As you can see, an important balance of androgen hormones is essential to prevent unwanted symptoms. There are several factors that drive androgen production including insulin resistance, gut dysbiosis, and stress. 

Below are a few things you can include into your everyday lifestyle to support a healthy balance of androgenic hormones:

  • Balanced Blood Sugar
  • Manage Stress
  • Spearmint Tea
  • Mineral Rich Foods
  • Zone 2 Aerobic Exercise and Strength Training

Balanced Blood Sugar

When your blood sugar levels are elevated, this can increase your risk for developing insulin resistance. This reduces your body’s ability to absorb glucose and use it for energy. When insulin resistance is high, this can increase androgen levels and lead to undesirable symptoms like fatigue. 

  • Wellness Tip: when building your next meal, keep these THREE  food groups in mind- Vegetables + Protein + Healthy Fats. An example of this could look like a vegetable stir fry with tofu and sliced avocado. 

Manage Stress


When your body experiences stress, a few things can happen: heart rate and blood pressure rates increase, blood sugar levels increase, and the hormone cortisol is elevated. When this continues to occur for a prolonged period of time, it can affect your hormonal health, causing androgen levels to be out of range.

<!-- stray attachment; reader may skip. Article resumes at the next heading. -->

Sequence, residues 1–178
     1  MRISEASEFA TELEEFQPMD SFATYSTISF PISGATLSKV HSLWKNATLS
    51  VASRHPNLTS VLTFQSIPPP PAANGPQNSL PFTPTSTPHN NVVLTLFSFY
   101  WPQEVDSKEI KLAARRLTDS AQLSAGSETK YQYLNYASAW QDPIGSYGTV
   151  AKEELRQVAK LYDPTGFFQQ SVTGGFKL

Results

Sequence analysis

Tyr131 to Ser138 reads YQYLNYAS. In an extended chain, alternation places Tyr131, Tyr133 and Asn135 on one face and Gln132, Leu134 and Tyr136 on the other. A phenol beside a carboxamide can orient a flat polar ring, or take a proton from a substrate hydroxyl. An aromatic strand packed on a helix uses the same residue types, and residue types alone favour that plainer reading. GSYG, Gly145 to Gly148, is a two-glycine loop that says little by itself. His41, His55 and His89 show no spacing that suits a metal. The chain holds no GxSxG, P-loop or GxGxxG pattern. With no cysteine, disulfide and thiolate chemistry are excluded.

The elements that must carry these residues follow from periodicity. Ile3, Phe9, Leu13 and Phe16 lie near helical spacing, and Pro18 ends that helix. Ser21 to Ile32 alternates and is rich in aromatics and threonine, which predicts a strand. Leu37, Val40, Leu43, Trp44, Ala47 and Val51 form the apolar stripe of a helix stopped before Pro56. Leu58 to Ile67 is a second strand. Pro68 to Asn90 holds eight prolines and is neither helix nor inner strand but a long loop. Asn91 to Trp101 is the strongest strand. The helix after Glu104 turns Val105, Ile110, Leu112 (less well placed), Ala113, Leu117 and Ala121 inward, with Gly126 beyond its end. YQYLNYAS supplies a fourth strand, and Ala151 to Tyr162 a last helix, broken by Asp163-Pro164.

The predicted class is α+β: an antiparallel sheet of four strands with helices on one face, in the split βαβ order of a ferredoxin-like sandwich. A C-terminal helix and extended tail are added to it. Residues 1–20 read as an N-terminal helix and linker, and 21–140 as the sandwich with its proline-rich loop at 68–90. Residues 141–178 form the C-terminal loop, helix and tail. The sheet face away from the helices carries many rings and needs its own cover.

• Wellness Tip: practice a 15 minute self-care activity daily. Try yoga, deep breathing, or taking an afternoon walk.

Spearmint Teaandrogens

This tea contains special herbal properties that can aid in decreasing androgen levels (specifically testosterone). It can also support follicle-stimulating hormones and estradiol which contribute to having a regular menstrual cycle.

  • Wellness Tip: try sipping on spearmint tea with your afternoon snack or before bedtime.

Mineral Rich Foodsandrogens

Eating mineral rich foods provides your body with a wide variety of nutrients that are essential for balancing androgen levels. Consuming foods rich in magnesium, zinc, iron, and calcium can benefit your androgen balance and hormonal health overall.

  • Wellness Tip: drinking a smoothie daily is a great way to incorporate a variety of nutrients. Try this  Nitrate Berry Beet Smoothie recipe for your next breakfast or afternoon snack!

Zone 2 Aerobic Exercises and Strength Training androgens

Exercising daily can help decrease insulin resistance, a key factor in balancing androgen levels. Incorporate Zone 2 exercises in your workout regimen to build muscle, improve endurance, and achieve balanced hormones. 

  • Want to learn more? Check out this podcast episode with Coach Joseph Geletko where we dive into the benefits of Zone 2 exercise!


After the above components have been addressed, more thorough testing may be necessary to identify the root causes of your androgen imbalances. You can learn more about our private coaching that includes advanced testing here.



Written by: Helory Kojongian

Instagram: @healthytreatsgirl



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Hormone. Testosterone. Testosterone | Hormone Health Network. https://www.hormone.org/your-health-and-hormones/glands-and-hormones-a-to-z/hormones/testosterone. Published May 12, 2020. Accessed January 20, 2022. 

Medical definition of Androstenedione. MedicineNet. https://www.medicinenet.com/androstenedione/definition.htm. Published March 29, 2021. Accessed January 20, 2022.